Now select the other feeler gauge and check / adjust the slightly wider exhaust valves. These have different settings because they have very hot exhaust gases rushing past them, whereas the inlet valves are cooled by incoming unburned fuel / air mixture, and consequently they don't get so hot.

That's dealt with the RH cylinder and the LH one now needs the same procedure. Go back to the inspection port, and this time nudge the rear wheel backwards, from the top of the tyre (as if you were reversing the bike) as you peer in through the hole. When the TL line (not the FL line) is against the calibration mark, the left piston is as TDC. Check that the LH tappet arms are free and "clackable". If you find they are locked up, nudge the engine round 360 degrees until the TL mark comes up again, and recheck for free movement of the valve mechanism. Check and adjust the clearances in just the same way as for the RH cylinder head, remembering that the inlet and exhaust clearances are different.

When adjusting the left hand valve clearances, the action of tightening the locknuts does tend to loosen the adjusting screws very slightly. To avoid this, screw in the adjusters so that the feeler gauges are just about slideable through the gap. Then check them after torqueing the locknuts.

Don't turn the rear wheel or engine just yet.

If you have a manual cam chain adjuster, use a 10mm ring spanner to undo the locknut 2 turns. Just in case the adjusting arm has stuck, give the tensioning bolt a couple of firm taps (not a hefty great clout) and then set your torque wrench to 6½ ft lbs and tighten the bolt. NEVER do this "by hand" as if you strip the thread on the tensioning bolt, this is an engine-out job to repair.

Replace the inspection port cover, finger tight plus 1/16 of a turn.





Insert one of the sparking plugs into the special spanner you used to extract it, and examine it. The colour of the plug gives a good indication of whether or not the fuel / air mixture is correct. If the plug is a light or golden brown colour, this is fine. A sooty, oily or obviously burned plug indicates a problem.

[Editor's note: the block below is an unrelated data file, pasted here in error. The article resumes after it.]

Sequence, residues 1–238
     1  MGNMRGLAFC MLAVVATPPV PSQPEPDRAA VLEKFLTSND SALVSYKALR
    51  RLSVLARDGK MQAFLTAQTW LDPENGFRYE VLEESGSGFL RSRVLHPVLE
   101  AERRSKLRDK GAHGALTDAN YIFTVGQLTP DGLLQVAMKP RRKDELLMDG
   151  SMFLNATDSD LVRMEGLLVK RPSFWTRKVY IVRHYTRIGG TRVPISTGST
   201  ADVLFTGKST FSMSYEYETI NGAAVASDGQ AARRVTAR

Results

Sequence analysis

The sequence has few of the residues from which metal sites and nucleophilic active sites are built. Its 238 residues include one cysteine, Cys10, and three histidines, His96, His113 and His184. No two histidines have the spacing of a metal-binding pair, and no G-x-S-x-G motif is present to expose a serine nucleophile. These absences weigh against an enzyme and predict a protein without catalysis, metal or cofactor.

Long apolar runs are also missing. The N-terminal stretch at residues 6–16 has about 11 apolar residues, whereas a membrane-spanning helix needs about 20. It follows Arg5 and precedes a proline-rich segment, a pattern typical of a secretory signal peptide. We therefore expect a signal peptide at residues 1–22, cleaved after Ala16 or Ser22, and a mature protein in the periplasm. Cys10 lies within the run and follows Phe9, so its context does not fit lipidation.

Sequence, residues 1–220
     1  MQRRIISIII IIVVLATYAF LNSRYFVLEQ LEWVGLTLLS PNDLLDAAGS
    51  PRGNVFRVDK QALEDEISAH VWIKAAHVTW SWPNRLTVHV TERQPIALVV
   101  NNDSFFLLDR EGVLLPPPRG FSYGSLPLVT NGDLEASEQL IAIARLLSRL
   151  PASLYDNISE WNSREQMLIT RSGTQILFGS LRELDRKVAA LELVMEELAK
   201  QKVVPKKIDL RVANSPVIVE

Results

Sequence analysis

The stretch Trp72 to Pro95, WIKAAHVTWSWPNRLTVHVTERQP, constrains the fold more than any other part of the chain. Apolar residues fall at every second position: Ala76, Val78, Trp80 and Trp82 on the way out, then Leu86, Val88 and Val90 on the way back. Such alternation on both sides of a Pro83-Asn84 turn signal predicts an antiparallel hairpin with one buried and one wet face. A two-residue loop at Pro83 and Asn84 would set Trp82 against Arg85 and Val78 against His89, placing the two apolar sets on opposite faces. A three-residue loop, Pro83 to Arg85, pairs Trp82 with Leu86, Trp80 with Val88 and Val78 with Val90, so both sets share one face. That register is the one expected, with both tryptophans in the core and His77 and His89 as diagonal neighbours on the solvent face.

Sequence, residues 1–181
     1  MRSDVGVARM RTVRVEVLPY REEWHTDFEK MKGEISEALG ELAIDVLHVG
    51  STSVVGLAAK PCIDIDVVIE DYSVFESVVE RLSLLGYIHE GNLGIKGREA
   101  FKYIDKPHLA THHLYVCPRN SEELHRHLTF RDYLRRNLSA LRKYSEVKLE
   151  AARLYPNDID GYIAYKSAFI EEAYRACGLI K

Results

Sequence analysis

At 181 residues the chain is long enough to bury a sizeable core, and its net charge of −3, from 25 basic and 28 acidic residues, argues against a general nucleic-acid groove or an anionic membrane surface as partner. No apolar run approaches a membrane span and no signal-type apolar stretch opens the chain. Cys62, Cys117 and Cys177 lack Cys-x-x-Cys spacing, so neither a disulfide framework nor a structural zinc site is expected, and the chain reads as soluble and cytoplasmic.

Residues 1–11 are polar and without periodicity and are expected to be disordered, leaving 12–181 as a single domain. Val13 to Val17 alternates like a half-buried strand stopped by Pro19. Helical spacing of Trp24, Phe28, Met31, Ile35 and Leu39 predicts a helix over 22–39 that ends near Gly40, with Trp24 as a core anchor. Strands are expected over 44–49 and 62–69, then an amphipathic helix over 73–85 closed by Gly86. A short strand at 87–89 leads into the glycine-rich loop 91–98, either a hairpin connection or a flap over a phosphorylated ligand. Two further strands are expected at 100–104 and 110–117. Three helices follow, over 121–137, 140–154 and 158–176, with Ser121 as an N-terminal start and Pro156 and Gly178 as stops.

If you are not fitting new plugs, give each old one a good going over with your wire brush and use your feeler gauges to set the plug gap (between the central core and the little arm that projects over it) as per the following chart. In fact always check the gap on new plugs - they probably aren't correct. If the gap needs adjusting, gently bend the outer curved-over electrode.

Now clean and gap-check the old plugs, and put them in the boxes your new ones came in. Then put the boxes in your travelling toolkit. Who knows when you may need a spare plug?

Sparking Plug Gap / Type

Spark Plug Type and Gap
UK all 500cc variants except Turbo
NGK DR8ES-L or ND X24ESR-U set to 0.6-0.7mm / 0.024 - 0.028" / 24 - 28 thou
US all 500cc variants (carbs with accelerator pump)
NGK D8EA or ND X24ES-U set to 0.6-0.7mm / 0.024 - 0.028" / 24 - 28 thou
All 650cc variants except Turbo
NGK DPR8EA-9 or ND X24EPR-U9 set to 0.8 - 0.9 mm / 0.032 - 0.035" / 32 - 35 thou

Check that the drain holes at the bottom of the spark plug recesses are not blocked, then replace the spark plugs in the cylinder heads; finger tight plus 1/8 of a turn with the spanner. To eliminate the threat of cross threading a spark plug, push a 6" length of flexible garden hose or aquarium pipe over the top of the spark plug ceramic body and use that to twiddle the plug into place. If the thread tries to go in cross threaded, the garden hose will slip free before any damage occurs. This is especially useful on cylinder heads where the angle of the plug is such that you can't see what you are doing, or where your fingers or plug box spanner can't get square-on to the head.